Behavioral Ecology and Sociobiology

, Volume 64, Issue 10, pp 1577–1587 | Cite as

Collective foraging decision in a gregarious insect

  • Mathieu Lihoreau
  • Jean-Louis Deneubourg
  • Colette Rivault
Original Paper

Abstract

Group foraging by eusocial insects implies sophisticated recruitment processes that often result in collective decisions to exploit the most profitable sources. These advanced levels of cooperation, however, remain limited to a small range of species, and we still know little about the mechanisms underlying group foraging behaviours in the great mass of animals exhibiting lower levels of social complexity. In this paper, we report, for the first time in a gregarious insect, the cockroach Blattella germanica (L.), a collective foraging decision whereby the selection of food sources is reached without requiring active recruitment. Groups of cockroaches given a binary choice between identical food sources exhibited exploitation asymmetries whose amplitude increases with group size. By coupling behavioural observations to computer simulations, we demonstrate that selection of food sources relies uniquely on a retention effect of feeding individuals on newcomers without comparison between available opportunities. This self-organised pattern presents similarities with the foraging dynamics of eusocial species, thus stressing the generic dimension of collective decision-making mechanisms based on social amplification rules despite fundamental differences in recruitment processes. We hypothesise that such parsimony could apply to a wide range of species and help understand the emergence of collective behaviours in simple social systems.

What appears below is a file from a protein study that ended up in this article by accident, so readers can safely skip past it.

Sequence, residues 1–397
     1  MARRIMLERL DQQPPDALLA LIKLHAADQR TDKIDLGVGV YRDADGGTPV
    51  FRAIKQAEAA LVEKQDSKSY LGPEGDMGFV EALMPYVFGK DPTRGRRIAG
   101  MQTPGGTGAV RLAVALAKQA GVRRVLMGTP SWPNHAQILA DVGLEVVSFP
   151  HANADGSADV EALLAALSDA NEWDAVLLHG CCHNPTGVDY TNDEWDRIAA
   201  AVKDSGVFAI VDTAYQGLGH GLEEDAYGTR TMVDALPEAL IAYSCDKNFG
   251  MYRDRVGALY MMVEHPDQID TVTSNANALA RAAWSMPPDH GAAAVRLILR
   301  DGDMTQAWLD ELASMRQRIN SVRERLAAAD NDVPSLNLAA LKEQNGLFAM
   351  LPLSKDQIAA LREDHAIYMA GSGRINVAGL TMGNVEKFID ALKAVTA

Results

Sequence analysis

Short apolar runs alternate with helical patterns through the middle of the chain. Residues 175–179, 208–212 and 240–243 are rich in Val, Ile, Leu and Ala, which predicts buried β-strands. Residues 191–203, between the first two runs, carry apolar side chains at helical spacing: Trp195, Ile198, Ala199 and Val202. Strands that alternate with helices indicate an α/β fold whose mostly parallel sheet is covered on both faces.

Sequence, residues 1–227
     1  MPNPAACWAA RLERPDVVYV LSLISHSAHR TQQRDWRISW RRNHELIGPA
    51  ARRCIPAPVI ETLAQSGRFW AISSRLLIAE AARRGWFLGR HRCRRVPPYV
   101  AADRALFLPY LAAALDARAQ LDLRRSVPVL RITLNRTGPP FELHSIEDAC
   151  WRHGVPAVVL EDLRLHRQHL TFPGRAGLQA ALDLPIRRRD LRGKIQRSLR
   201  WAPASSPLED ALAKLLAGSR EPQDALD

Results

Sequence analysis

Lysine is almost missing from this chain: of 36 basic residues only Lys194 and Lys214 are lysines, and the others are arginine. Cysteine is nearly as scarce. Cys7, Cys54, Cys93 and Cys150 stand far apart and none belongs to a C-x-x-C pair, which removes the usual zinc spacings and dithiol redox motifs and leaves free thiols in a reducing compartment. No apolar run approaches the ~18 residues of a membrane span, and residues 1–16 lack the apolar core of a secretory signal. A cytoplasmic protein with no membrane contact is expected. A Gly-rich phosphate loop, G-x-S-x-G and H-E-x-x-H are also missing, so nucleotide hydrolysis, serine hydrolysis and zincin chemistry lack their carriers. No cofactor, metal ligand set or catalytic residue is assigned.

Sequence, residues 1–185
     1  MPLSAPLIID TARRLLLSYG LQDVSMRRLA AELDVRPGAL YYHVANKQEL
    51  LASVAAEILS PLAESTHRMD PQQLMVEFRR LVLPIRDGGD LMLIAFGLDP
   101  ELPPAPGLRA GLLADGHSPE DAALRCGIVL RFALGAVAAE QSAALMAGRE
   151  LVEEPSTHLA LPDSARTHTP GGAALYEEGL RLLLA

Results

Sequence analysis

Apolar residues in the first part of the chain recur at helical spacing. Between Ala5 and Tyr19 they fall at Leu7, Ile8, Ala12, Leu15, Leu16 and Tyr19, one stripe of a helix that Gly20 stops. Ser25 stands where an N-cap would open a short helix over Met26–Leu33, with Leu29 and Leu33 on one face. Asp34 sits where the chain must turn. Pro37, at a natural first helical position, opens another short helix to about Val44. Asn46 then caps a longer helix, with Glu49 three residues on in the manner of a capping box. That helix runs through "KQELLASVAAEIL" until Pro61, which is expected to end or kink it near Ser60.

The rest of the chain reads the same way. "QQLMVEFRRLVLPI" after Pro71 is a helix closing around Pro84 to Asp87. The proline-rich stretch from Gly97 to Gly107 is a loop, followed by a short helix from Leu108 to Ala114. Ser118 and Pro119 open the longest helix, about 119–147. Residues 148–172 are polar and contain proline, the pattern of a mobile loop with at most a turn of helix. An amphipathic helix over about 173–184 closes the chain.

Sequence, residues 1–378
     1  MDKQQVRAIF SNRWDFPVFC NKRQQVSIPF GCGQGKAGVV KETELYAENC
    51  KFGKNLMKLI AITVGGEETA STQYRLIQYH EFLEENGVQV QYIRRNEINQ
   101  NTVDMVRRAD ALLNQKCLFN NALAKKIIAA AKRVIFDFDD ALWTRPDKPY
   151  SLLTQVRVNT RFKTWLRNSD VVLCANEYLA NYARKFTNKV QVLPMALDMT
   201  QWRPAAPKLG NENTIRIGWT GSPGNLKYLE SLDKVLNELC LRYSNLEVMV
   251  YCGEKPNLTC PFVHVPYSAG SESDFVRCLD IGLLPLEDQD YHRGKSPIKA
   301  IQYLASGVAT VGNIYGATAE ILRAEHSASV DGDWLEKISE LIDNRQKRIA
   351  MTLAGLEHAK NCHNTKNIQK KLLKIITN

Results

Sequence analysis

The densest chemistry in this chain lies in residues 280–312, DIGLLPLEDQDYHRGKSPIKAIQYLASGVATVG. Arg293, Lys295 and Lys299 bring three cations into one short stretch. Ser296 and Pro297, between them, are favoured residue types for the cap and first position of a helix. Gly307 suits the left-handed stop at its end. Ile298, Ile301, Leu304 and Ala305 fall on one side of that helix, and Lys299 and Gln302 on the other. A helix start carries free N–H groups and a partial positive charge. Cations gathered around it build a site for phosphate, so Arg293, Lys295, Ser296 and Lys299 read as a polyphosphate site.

Keywords

Collective decision making Foraging behaviour Gregarious cockroaches Retention effect 

Supplementary material

265_2010_971_MOESM1_ESM.doc (164 kb)
ESM 1(DOC 164 kb)

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Copyright information

© Springer-Verlag 2010

Authors and Affiliations

  • Mathieu Lihoreau
    • 1
    • 2
  • Jean-Louis Deneubourg
    • 3
  • Colette Rivault
    • 2
  1. 1.Research Centre for Psychology, School of Biological and Chemical SciencesQueen Mary University of LondonLondonUK
  2. 2.Unité Mixte de Recherche 6552, Centre National de la Recherche ScientifiqueUniversité de Rennes 1RennesFrance
  3. 3.Service d’Ecologie SocialeUniversité Libre de BruxellesBrusselsBelgium

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